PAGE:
Observances, Festivals, and Holy Months

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Modern pagans use the Wheel of the Year with four solar holidays including the equinoxes and solstices and ancient Arabs may have done the same according to Nonnosus "Most of the Saracens … consider as sacred a spot dedicated to one of the gods, gathering there twice each year. The first of these assemblies extends over a whole month and takes place about the middle of the spring, when the sun passes through the sign of Aries. The most common observance was the pilgrimage. One inscription says: "By ʾgrd son of Fdy and he returned to permanent water at the time of pilgrimage." Since the return to permanent water usually occurred in the period of ṣyf (late spring) or the beginning of qyẓ (intense heat) it is possible that the change of seasons was celebrated with a pilgrimage to a shrine. In another inscription: "By Dʾy son of Nśl and he washed when the sun was in Virgo in order to perform a pilgrimage." The sun leaves Virgo on the Fall Equinox so the author was washing in order to enter a state of ritual purity before the equinox pilgrimage. We can't really be sure whether the author was referring to the dawn or evening rising of the stars but its dawn rising would have occurred in late August before the arrival of the seasonal rains. In this case the pilgrimage was connected to rain making rituals but if the two inscriptions are about the same period then it would be the evening setting of the stars. Although we also see a mention of washing during Sagittarius.

In west and central Arabia they also had pilgrim fairs, which took place in months that were designated as holy and violence-free. According to Nonnosus as summarized by Byzantine patriarch Photius in Codex 3 of his Bibliotheca: "Most of the Saracens, both those in the Palm Grove and those beyond it and the so-called Taurenian mountains, consider as sacred a spot dedicated to one of the gods, gathering there twice each year. The first of these assemblies extends over a whole month and takes place about the middle of the spring, when the sun passes through the sign of Aries, while the other assembly lasts two months; this they celebrate after the summer solstice. In these assemblies they observe a complete peace, not only towards each other, but also towards all men living in their country. They claim that wild animals are at peace with man, and not only this, but that they are at peace with each other."

Now what about the solstices? Inscription KnGQ 4 says "he returned to permanent water at the time of pilgrimage" and pastoralists would return to permanent water and dry fodder during the summer/dry season while inscription C 4443 mentions washing during Sagittarius which ends on the Winter Solstice. So I have reason to believe the quarter points of the Wheel of the Year, the solstices and equinoxes, were observed. The solstices were the transition between the wet and dry seasons, going to temporary water and fresh herbage and then returning to permanent water and dry fodder. The equinoxes were the midpoints between them. Nonnosus tells us about a second pilgrimage period which "lasts two months; this they celebrate after the Summer Solstice." This would be a time of complete peace, and one could infer that the same was done after the Winter Solstice as well. The South Arabians also practiced pilgrimages. The Sabaeans and their allies went to the temple of Almaqah annually at the time of the summer rains. The god Ta’lab was also an object of pilgrimage at Jabal Riyam in north Sana'a. As long as these ceremonies lasted pilgrims were obliged to abstain from war and sex and they would wear ritual clothes or adornments.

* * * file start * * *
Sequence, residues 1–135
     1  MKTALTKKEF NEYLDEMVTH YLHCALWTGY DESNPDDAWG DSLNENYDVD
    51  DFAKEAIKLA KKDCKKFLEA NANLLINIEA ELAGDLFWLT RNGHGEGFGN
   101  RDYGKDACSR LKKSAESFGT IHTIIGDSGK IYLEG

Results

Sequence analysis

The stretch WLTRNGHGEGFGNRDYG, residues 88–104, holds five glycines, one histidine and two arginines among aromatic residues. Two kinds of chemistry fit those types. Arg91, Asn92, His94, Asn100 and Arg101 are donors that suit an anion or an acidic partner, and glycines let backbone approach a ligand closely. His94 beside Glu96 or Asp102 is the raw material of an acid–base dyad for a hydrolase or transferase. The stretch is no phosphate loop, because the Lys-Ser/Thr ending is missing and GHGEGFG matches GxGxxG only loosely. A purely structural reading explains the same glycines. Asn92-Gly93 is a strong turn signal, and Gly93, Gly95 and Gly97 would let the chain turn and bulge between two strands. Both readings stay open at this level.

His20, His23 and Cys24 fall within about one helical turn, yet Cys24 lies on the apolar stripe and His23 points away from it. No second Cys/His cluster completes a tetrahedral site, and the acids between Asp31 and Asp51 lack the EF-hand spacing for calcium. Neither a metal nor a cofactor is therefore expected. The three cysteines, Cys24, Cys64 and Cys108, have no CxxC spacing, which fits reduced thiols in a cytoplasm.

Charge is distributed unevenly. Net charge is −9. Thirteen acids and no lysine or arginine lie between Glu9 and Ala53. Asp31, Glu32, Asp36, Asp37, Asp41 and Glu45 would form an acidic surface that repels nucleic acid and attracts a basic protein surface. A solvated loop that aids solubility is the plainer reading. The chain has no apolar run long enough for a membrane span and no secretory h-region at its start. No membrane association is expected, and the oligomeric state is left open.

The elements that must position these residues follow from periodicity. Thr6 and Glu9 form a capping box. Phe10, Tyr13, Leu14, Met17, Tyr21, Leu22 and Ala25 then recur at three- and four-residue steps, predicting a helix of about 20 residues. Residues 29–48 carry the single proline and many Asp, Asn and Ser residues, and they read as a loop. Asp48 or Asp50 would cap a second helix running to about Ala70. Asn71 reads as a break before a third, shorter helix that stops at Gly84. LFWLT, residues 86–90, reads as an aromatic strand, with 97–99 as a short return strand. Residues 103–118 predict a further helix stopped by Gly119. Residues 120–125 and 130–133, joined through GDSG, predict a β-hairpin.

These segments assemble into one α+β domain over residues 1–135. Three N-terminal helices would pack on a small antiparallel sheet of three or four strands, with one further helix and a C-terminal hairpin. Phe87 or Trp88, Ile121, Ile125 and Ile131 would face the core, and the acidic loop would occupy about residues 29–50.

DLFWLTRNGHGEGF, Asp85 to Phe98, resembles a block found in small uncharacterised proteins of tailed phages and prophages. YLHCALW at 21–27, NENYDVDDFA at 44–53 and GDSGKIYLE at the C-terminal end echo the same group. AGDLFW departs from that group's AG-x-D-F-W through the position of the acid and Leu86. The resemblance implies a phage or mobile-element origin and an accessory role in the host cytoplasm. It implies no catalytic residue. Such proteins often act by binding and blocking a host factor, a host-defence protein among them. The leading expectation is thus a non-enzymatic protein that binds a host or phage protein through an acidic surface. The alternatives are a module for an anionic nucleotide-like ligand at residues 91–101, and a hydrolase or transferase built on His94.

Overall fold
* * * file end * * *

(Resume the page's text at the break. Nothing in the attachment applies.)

For modern practitioners there are no shrines or temples to visit however you could visit places you consider sacred. The idea that certain spaces (because of their great height, beauty, lush vegetation etc) are occupied by divinities is very ancient, and there were many such places in Arabia. Sanctuaries would be open-air, the natural features of the spot were enough to distinguish it. It might be a spring with rich vegetation, a patch of forest or a shady cleft in a mountainside. Other than pilgrimages there were also seasonal offerings such as libation in this inscription: "he made a libation during the cosmical setting/full moon of Gemini."

A modern practitioner could simply follow the Wheel of the Year that many neo-Pagans use, or one could take a reconstructionist approach and use the observances mentioned below, or do both! You could also scour the database yourself to try to find other observances. Although do keep in mind that the Wheel of the Year follows the seasonal changes of a northwestern European climate and not the one in West Asia. Here's a list of the observances, make sure to double check these since I'm not that knowledgeable on astronomy:

  • March 20 - April 19: Sun Passes Through Aries, Starts on the Spring Equinox
  • June 21: Return to Permanent Water/Dry Season, Summer Solstice
  • June 21 - August 20: After Summer Solstice, Lasts Two Months
  • September 22 - October 22: Sun in Libra, Starts on the Fall Equinox
  • December 22: Departure to Temporary Water/Rainy Season, Winter Solstice
  • December 22 - February 22: After Winter Solstice, Lasts Two Months